by Archbishop Glenn Davies, Anglican Archbishop of Sydney
Pray to God to have mercy on this nation.
“I turned to the Lord God and pleaded with him in prayer and petition, in fasting, and in sackcloth and ashes. I prayed to the LORD my God and confessed: “Lord, the great and awesome God, who keeps his covenant of love with those who love him and keep his commandments, we have sinned and done wrong. We have been wicked and have re-belled; we have turned away from your commands and laws.”
“Now, our God, hear the prayers and petitions of your servant. For your sake, Lord, look with favour on your desolate sanctuary. Give ear, our God, and hear; open your eyes and see the desolation of the city that bears your Name. We do not make requests of you be-cause we are righteous, but because of your great mercy.”
During Daniel’s life in exile, he lived under four different foreign kings and two empires. He had grown up in Judah, under the protection of a king of David’s line, yet in the providence of God he was captured and sent to Babylon for a university education that held no place for the Creator God or an understanding of His ways. Yet, by God’s grace, Daniel’s faith and witness enabled his wisdom to outshine all the other wise men of Babylon and he came to the attention of the kings, such that he was given great responsibility under their successive governments.
Prayer was a constant feature of Daniel’s life. Even when the threat of death might have persuaded him to desist, he would pray and offer thanks to God (Daniel 6:10).
Daniel 9 is one of my favourite parts of the Old Testament. It begins with Daniel reading the prophet Jeremiah and recognising that God’s time of judgment in the nation is at an end. In response, Daniel does what Jeremiah predicted the Exiles would do: he prays (Jeremiah 29:12-14; Daniel 9:3). He prays for God to forgive Israel her sins and to fulfil His promises to His people. The chapter concludes with a stunning response from God, sent by His angel Gabriel, announcing the fulfilment of His promises—on perhaps a grander scale than Daniel had ever expected—culminating in the coming of the Messiah.
As Christians, we should always pray for our nation and its leaders. Paul exhorts us to pray for rulers “that we may live peaceful and quiet lives in all godliness and holiness. This is good and pleases God our saviour, who wants all people to be saved and to come to a knowledge of the truth” (1 Timothy 2:1-2). It would not be surprising that Daniel prayed accordingly, as he was certainly not afraid to call kings to repentance (Daniel 4:27).
Daniel lived in challenging times. He experienced the deprivation of his freedom in many ways. Yet he was a man of faith, and by God’s grace he was able to prosper. He held firm to his beliefs. He was a man of prayer. He looked for the coming of the Messiah.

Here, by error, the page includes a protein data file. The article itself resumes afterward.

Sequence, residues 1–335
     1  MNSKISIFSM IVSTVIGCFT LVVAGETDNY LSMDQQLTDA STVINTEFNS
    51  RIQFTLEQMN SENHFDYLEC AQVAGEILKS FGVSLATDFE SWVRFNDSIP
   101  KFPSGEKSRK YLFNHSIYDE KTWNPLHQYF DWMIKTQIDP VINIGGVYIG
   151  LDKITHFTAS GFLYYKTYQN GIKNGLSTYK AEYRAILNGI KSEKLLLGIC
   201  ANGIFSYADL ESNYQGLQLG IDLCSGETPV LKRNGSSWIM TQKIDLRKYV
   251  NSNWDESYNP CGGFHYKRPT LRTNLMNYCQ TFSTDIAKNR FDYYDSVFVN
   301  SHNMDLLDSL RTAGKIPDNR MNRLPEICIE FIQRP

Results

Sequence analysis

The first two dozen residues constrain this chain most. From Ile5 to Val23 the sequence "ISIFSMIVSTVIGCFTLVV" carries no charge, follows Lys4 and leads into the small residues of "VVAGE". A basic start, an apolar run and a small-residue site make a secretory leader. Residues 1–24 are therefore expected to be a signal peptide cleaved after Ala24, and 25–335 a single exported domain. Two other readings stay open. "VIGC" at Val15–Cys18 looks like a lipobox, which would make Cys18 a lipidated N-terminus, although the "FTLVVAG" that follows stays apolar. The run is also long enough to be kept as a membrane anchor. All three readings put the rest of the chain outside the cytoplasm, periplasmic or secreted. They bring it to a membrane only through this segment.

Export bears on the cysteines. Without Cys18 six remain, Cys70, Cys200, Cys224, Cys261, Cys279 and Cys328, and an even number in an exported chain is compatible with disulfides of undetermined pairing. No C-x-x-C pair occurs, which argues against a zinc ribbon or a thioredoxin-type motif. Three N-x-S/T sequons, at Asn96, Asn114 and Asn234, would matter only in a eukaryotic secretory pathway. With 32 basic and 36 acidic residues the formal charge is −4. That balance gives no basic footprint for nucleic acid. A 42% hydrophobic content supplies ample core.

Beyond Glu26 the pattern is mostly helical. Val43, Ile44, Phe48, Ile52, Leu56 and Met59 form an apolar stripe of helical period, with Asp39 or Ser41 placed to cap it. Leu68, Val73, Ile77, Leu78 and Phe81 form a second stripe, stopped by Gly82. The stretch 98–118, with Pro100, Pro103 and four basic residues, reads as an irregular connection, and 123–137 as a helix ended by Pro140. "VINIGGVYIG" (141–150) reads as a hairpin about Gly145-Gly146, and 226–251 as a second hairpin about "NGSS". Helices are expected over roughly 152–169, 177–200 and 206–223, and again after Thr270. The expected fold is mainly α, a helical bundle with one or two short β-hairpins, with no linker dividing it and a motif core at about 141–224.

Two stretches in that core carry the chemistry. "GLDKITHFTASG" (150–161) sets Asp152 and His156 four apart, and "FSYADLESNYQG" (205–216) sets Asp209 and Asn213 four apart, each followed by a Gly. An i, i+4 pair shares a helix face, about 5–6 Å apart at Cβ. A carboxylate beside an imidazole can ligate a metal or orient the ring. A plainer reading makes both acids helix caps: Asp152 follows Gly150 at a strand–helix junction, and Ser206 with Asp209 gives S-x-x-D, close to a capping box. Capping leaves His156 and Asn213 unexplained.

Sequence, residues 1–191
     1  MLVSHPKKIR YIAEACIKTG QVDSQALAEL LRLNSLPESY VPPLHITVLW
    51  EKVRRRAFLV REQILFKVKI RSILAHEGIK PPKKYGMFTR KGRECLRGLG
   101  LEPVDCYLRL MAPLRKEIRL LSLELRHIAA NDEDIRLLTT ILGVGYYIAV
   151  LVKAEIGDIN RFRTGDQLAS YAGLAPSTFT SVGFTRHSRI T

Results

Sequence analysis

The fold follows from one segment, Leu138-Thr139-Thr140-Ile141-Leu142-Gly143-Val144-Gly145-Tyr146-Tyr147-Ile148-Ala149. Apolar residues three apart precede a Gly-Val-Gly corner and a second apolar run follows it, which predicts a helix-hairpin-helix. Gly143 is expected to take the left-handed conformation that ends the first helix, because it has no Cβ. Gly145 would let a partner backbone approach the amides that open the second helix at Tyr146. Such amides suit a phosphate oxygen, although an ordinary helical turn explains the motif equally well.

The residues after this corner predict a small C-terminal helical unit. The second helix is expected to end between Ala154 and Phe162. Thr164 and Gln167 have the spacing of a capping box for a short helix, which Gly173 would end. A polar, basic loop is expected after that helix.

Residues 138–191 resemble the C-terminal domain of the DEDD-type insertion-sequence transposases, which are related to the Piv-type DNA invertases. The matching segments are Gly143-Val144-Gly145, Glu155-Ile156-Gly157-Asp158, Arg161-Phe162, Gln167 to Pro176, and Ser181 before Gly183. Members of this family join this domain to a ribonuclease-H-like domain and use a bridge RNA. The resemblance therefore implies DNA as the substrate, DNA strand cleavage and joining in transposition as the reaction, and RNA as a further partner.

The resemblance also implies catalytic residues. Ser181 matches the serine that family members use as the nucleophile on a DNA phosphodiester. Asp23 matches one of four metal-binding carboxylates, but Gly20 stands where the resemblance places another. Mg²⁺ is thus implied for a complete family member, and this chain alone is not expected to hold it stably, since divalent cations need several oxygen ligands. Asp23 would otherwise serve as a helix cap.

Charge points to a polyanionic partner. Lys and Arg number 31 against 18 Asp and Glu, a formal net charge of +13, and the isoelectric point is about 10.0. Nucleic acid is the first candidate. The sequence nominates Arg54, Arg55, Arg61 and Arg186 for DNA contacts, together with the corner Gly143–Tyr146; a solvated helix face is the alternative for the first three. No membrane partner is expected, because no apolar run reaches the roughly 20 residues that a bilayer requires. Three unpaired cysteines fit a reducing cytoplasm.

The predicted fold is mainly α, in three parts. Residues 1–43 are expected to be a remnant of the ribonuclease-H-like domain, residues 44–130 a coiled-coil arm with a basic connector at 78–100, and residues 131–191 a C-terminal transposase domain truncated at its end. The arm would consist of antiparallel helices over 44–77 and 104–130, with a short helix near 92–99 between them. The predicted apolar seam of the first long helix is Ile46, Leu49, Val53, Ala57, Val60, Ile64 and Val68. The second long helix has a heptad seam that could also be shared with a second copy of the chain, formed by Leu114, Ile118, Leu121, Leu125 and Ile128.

May we, who have seen the salvation that has come in Christ, be no less prayerful that God would give us good government, for the benefit of all Australians and for the glory of His name.
Heavenly Father, all governments rule under your authority. In your mercy, give us governments who work for the good of those they rule, seeking your justice and peace in every law and action. Guide our leaders with your wisdom and power, so that everyone may live in peace and mutual trust. Give the people of this land a spirit of unselfishness, compassion, and fairness in public and private life.
In the name of Jesus, Amen.
Listen to: Lord in Your Mercy, Hear Our Prayer
1. Pray that God would rule over this election so that righteous leaders would be elected to govern this nation in truth and justice because, “When the righteous are in authority the people rejoice.” (Proverbs 29:2)
2. Pray God’s blessing upon all our current parliamentarians and leaders, including their families and all the candidates of all the parties standing for this federal election. (1 Timothy 2:1-3)
3. Pray for a multiplication of prayer and unity across the Body of Christ in Australia that people will wake up to the dangers facing our nation and respond in prayer. (Ephesians 5:14)
4. Pray for a Spiritual Awakening for Australia, Revival and Transformation for our nation and the proclamation of the Gospel of the Lord Jesus Christ. (John 3:16)
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DEVOTIONAL 12 Author, 9 May
Lord in Your Mercy, Hear Our Prayer
Archbishop Glenn Davies
Glenn was a school teacher prior to his theological study at Westminster Theological Seminary and Moore Theological College. After two years in parish ministry at St Stephen’s Willoughby, Glenn was invited to join the faculty of Moore College as a lecturer in Old Testament. At the end of 1985 he took a two-year study leave in England where he gained his PhD from Sheffield University.
Glenn returned to Australia in 1988 to take up a position as a lecturer at Moore College later becoming Registrar until his resignation in 1995, when he was appointed as rector of St Luke’s Miranda. Glenn left Miranda after being consecrated bishop in December 2001.
Glenn was the Bishop of North Sydney for more than ten years, before being overwhelmingly elected Archbishop in 2013. He and his wife have two married daughters and three grandchildren.